The third and last layer is the Data Layer, which is responsible for storing the chatbot knowledge, which refers to both learned artifacts during the training phase and the EKG being queried. This layer is divided into two components: (1) Persistence holds the knowledge obtained in the offline stage. This knowledge is retrieved by Dialog Manager and then distributed to the other CONQUEST Core modules so that they can perform their tasks. Moreover, Persistence is also used to store Interaction State that saves the current state of a user interaction during the chatflow. The state of the interaction consists of the current point of interaction following Fig. 2 and the information acquired so far (e.g., question given as input, classified QAI, values for CVs and other information for a coherent dialogue). This ensures that chatbot performs long interactions consistently; (2) SPARQL Endpoint, which is external to the system, so it is accessed using HTTP requests to execute SPARQL queries. The current implementation resorts to the SPARQL Wrapper [16] library, which is responsible for handling requests and responses to this endpoint.
Fig. 2.

Chatflow followed by a CONQUEST Chatbot.

CONQUEST Chatbot’s Chatflow is depicted by Fig. 2 and can be summarized as: the chatbot receives the question in NL, classifying it for a QAI; if this classification is not possible, then the chatbot performs the disambiguation dialog; after a successful question classification, the chatbot checks to see if all CVs have been filled in, prompting them to the user otherwise; finally, the chatbot consults the EKG and returns the response to the user. In the case of confirmation of the clarification dialog, the question given as input is added as a new Question Pattern (QP) to be considered in classifier training.

4 Results and Discussions

A qualitative assessment was carried out to assess the impact of using CONQUEST. For the sake of comparison, we re-implemented MediBot [2], a chatbot published recently that fits our requirements since it adopts an TBIQA perspective to operate over KG.

The Template Construction process was shown to be quite natural and required the developer to input only a few variations of the NL question. The JSON file containing the QAIs used and the data needed to deploy an instance of our implementation of MediBot on top of CONQUEST are publicly available3. The example is given in Sect. 3 is an example of how one of the QAIs could be written, and it will be considered in the discussions that follow in this section.

In NLP Engine Construction step, the developer should only select the language supported by his chatbot being produced. CONQUEST uses the Spacy library for NLP, which supports more than 53. However, support for each language is at a different stage. At the same time, the library achieves great results for English, the same cannot be said for Brazilian Portuguese (language supported by MediBot). Because of this, we used the 100-dimensional GloVe model produced by [10] as the Word Embedding. This model was loaded into SpaCy, thereby leveraging the entire processing pipeline of this library.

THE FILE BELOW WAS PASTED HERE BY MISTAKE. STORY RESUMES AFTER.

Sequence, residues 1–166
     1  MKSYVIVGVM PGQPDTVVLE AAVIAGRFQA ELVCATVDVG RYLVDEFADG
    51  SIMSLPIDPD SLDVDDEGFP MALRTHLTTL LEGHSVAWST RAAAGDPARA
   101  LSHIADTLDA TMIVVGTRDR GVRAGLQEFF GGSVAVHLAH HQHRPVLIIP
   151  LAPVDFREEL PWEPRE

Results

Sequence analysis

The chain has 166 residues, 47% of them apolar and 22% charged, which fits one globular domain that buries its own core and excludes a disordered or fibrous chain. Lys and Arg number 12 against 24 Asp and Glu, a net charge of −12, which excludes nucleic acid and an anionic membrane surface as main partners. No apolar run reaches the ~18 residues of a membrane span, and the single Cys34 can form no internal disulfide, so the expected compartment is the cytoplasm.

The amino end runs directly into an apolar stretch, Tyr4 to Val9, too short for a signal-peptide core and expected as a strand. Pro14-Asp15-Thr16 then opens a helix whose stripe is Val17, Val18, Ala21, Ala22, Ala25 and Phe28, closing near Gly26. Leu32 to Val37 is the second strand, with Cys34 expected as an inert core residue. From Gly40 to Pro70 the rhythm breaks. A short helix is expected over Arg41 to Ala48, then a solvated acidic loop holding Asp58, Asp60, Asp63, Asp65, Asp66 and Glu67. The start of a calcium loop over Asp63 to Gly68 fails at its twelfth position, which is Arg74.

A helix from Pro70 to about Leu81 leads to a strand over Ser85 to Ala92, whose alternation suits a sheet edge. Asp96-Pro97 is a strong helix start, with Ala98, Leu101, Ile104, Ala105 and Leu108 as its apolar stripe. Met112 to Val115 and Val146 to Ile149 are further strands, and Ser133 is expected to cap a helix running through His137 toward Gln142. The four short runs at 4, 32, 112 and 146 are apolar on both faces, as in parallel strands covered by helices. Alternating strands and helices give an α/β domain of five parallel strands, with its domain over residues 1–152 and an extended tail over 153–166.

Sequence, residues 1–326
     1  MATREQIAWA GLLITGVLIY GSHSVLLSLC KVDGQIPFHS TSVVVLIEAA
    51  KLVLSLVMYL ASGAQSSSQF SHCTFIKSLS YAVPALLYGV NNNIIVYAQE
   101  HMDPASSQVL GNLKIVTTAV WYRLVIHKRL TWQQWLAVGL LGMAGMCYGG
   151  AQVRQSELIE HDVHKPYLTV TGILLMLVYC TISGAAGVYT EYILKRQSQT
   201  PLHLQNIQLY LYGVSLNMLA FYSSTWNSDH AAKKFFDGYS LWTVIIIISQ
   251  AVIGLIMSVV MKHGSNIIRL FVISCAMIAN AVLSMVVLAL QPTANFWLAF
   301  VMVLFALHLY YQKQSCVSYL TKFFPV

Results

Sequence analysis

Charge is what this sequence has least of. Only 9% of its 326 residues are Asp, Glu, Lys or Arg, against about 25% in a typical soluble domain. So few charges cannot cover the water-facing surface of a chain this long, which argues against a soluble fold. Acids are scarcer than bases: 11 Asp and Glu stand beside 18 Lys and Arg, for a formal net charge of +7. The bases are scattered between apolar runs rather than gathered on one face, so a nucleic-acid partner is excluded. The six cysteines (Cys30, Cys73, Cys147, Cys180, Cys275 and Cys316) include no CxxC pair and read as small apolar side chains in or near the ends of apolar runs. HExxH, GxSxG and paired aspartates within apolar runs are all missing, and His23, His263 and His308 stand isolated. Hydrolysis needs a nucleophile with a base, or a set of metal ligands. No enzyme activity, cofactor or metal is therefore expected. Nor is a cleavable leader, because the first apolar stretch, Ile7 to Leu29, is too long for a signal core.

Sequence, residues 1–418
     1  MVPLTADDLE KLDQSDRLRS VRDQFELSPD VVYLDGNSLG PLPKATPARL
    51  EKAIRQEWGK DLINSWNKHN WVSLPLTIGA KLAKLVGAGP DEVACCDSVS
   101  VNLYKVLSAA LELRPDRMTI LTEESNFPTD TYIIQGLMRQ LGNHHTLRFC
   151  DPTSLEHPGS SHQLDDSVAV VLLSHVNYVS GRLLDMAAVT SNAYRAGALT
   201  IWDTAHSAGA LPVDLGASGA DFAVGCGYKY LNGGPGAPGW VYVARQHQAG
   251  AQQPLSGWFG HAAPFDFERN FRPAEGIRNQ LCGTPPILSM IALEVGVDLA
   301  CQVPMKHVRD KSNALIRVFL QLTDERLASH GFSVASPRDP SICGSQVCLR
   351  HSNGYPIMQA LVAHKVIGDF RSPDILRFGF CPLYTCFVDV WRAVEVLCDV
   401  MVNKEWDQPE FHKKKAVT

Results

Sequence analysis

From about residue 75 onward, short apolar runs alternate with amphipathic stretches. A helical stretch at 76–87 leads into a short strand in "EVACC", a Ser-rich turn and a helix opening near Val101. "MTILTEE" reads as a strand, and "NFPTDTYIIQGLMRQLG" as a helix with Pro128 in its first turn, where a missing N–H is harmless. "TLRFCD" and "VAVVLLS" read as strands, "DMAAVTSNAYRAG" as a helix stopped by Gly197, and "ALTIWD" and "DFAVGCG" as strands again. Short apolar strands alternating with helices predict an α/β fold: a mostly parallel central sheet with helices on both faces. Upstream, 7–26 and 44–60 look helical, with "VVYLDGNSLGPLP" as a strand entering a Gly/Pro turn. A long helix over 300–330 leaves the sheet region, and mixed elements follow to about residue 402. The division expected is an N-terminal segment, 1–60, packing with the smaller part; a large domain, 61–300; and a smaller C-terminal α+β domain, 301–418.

The Template Classifier Construction step is transparent to the developer, with CONQUEST already having a default classification model. Experiments were carried out to select the best model and to assess the impact of using semantic features on this task. For these experiments, the 8 query templates answered by MediBot presented by the authors were implemented. As a set of training and validation, 10 variations of the question in NL were used for each template, using cross-validation with parameter CV = 5. For the test set, 5 examples of variations for each template different from those used in the training/validation stage. The results presented are the average of the tests performed 10 times. The script with the experiments can be found at the link4.

Table 1 summarizes the results of main trained models without and using the Semantic Features proposes in this work. In the first case, the best model was the Multilayer Perceptron (MLP) classifier with two hidden layers. This MLP model achieves a score of 0.926 on the F1 metric, which is considered a good result. However, the time required for model training took around 0.229 seconds, so this is one of the slowest models for training. Since the chatbots produced by CONQUEST use the questions given at runtime as new training examples, this results in constant growth of the dataset. Consequently, the cost for model training is of critical importance. The use of Semantic Features generally presents significant improvements in the evaluated models. In this case, it is important to highlight the performance improvements of the GaussianNB model, which has achieved the best performance in all measured aspects. When comparing the best trained model with the use of Semantic Features against the best without them (MLP with two hidden layers), it is possible to see a slight improvement of about 5.075%, which can already be considered a promising result. When comparing the results under the light of the F1-score for the GaussianNB model without and with Semantic Features, it is possible to notice an improvement of about 38.014 %, which configures a great improvement overall. The real improvement comes from comparing the training time taken by the two best models, MLP with two hidden layers and GaussianNB: there is a 98.280% reduction in the required time to training, which means that the first model takes about 58 times longer in training than the second. The results of the selected model (GaussianNB with Semantic Features) in the test set was 0.979 for Precision, 0.975 for Recall and 0.974 for F1.